A gun bill that was originally favored by Republicans is now seeing defections from the right as House Speaker Paul Ryan struggles to gather enough GOP votes to pass the legislation.
With threats from Democrats of another House floor protest, Ryan is now facing the prospect of defections from his own party as conservatives complain about the GOP gun bill they think is unconstitutional, The Hill reported.
The bill, backed by the National Rifle Association, was part of a larger anti-terrorism package by Republicans that was seen as an alternative to gun control proposals by Democrats. But opponent of the bill, Rep. Thomas Massie R-Ky., said: “I think it’s dead,” according to the Hill.
The vote, originally scheduled for Wednesday, was postponed to allow Republicans more time to study the package, according to Rules Chairman Pete Sessions, R-Texas.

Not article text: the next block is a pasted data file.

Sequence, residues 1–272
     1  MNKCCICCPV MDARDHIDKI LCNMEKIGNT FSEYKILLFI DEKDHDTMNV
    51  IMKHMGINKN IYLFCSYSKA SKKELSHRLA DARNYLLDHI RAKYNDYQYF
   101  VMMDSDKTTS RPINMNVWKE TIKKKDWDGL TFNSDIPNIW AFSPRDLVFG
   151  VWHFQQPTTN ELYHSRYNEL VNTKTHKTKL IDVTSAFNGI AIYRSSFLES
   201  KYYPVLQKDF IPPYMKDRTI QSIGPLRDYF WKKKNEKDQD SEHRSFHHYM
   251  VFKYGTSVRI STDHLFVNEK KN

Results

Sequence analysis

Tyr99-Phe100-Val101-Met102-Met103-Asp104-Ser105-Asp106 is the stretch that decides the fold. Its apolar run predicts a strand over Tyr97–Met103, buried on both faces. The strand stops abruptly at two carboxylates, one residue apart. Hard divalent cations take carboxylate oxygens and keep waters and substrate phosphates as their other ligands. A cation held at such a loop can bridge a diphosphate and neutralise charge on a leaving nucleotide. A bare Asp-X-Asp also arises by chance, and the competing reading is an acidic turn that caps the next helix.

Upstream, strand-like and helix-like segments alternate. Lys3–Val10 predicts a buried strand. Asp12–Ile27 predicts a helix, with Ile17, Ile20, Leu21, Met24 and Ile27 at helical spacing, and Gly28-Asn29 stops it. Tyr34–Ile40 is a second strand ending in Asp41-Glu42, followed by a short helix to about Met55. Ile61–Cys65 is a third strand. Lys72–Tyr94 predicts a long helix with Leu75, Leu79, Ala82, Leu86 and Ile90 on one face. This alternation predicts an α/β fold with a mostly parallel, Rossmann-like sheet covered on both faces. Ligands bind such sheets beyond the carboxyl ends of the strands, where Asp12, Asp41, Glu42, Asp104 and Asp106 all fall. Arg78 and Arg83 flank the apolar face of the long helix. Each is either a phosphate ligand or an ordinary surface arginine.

“Enough members don’t have enough information,” Sessions said. “What we’re trying to do is work toward resolution where we’re all on the same page.”
According to the Hill:
“The House GOP gun proposal would give the Justice Department three days to convince a judge there’s probable cause that the prospective buyer would use the weapon in connection with terrorism and stop the sale.
But conservative lawmakers, including several who belong to the far-right House Freedom Caucus, argued that the legislation could violate an individual’s Second Amendment rights, based on what the government anticipates that person might do in the future.”
“If the bill becomes law, it will mark a massive expansion of the government’s ability to restrict gun rights on the basis of precrime—a crime not yet committed,” said Freedom Caucus member Justin Amash, R-Mich., on his Facebook page. This bill, he added, “is the actualization of dystopian fiction.”
Another Freedom Caucus member, Rep. Dave Brat, R-Va., said “If it is a suspected terrorist and we have evidence to that extent, then Logic 101 [suggests] that person should either be in jail or out of the country.”
Ryan met with Democratic Reps. John Lewis of Georgia and John Larson of Connecticut on Tuesday but no compromise on gun legislation was achieved.
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